He has been called the country's most powerful novelist of the post-Vietnam era—a soft-spoken part-time college professor who illuminates the darkest corners of the American psyche with brilliant prose. His maiden effort, A Hall of Mirrors, won the Faulkner Award for the best first novel of 1967. Dog Soldiers earned him the prestigious National Book Award in 1975. With the publication of his third book, A Flag for Sunrise (Knopf, $13.95), Robert Stone, 44, has another literary prize in sight: He was nominated this month for the American Book Award, which has replaced the National. What's more, he may finally be attracting a wider popular audience. The author finds that both pleasing and unsettling. "I'm just not used to it," he says.

A Flag for Sunrise is the hard-edged, often violent story of four Americans who find themselves in an imaginary Central American country on the brink of revolution. Like Stone's other books, Sunrise tackles America's latest political obsession. "The situation down there reminds me of Vietnam," explains Stone. "We've been sending in Marines and pushing people around for a long time. Someday we'll pay for it." The idea for Sunrise came to Stone while he was traveling through Nicaragua, Honduras and Costa Rica in 1977. "In my younger days," he says, "I made it my business to be around wherever things were happening."

One such place was, of course, Vietnam. Stone spent three months there in 1971 as a correspondent for a now defunct British magazine, an experience that formed the background for Dog Soldiers. He visited combat zones on a motorcycle but spent most of his time in the war-torn capital. "I got to know more about the drug scene in Saigon than I wanted to," reports Stone. "Everyone was smoking heroin." Including Stone? "That stuff is illegal, isn't it?" he says with a smile. Stone's work has been criticized for his excessive emphasis on drugs and mayhem. He objects to the charge. "I've been around some pretty violent scenes," he admits, "but this is a pretty violent country. I'm concerned about it, but I think people should understand it too."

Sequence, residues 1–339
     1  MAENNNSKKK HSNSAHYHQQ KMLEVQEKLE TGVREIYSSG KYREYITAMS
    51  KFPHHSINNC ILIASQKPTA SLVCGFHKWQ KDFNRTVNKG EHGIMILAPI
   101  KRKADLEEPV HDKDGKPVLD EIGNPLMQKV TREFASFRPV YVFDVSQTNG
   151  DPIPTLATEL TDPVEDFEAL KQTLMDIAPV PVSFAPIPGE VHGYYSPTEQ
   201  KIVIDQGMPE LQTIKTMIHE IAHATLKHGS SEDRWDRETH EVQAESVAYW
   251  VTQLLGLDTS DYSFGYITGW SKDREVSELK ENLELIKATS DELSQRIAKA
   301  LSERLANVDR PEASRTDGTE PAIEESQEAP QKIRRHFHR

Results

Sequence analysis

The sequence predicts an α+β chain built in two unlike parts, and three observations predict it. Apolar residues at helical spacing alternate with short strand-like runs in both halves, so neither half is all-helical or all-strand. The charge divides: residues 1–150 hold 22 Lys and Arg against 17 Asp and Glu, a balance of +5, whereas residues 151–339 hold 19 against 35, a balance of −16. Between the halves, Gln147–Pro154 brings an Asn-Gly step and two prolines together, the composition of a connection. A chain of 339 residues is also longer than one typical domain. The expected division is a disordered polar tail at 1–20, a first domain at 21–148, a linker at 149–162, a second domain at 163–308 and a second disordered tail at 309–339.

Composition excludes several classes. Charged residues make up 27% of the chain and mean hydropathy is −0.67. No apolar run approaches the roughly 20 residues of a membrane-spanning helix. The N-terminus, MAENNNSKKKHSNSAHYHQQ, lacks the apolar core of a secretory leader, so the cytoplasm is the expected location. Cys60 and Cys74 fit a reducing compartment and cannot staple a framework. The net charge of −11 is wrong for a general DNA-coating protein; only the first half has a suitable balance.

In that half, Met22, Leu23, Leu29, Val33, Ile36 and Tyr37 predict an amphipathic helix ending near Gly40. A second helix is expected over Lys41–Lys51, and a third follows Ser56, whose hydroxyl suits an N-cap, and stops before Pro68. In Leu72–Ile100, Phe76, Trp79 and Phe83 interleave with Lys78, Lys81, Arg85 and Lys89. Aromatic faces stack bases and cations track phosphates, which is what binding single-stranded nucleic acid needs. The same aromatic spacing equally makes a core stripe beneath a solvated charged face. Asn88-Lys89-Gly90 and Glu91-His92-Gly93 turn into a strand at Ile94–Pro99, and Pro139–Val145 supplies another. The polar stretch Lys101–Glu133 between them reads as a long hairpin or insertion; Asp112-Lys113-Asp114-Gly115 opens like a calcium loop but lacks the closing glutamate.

Born in Brooklyn, Stone was the only child of a dockworker. "My mother was schizoid," he says. "I spent three years in an orphanage." Kicked out of high school ("I'd show up drunk"), he joined the Navy, then bounced around from job to job until the first chapter of A Hall of Mirrors earned him a fellowship to the Stanford University creative writing program. In California he met novelist Ken Kesey, who was experimenting with drugs and running around with a group of social dropouts called the Merry Pranksters, later immortalized in Tom Wolfe's The Electric Kool-Aid Acid Test. "I still feel close to them," says Stone. "That was my gang, my college. It was like a big party that spilled out onto the street, then across the country. But by 1964 I wasn't getting any work done, so I came back to New York."

In 1969, two years after Mirrors was published, Stone packed up his wife, Janice, now a social worker, and their two young children and headed for London. From there Stone went to Vietnam. "When I got back to the U.S. in 1971," he recalls, "it was a different kind of country. With the war, the drug explosion, the music and all the wild things that were going on, it was almost like living in the aftermath of a revolution."

Today the Stones live with their daughter, Diedre, 21, in a small college town in Massachusetts. (A son, Ian, 18, is a college freshman in Wisconsin.) The novelist wants his exact whereabouts kept a secret. "I write about a lot of strange people," he reasons, "and I don't want them coming around to hassle me." He usually rises at dawn, makes a pot of tea, then sometimes works all day.

In the past Stone has traveled far afield to research his novels, but he plans to stay closer to home for the next one, a book about the effects of the Industrial Revolution on a small New England mill town. "It's hard not to think of yourself as young and indestructible," he says, "but my proper business now is writing. Besides, the people in my books are alternates for me—they go through all that horrendous stuff so I don't have to."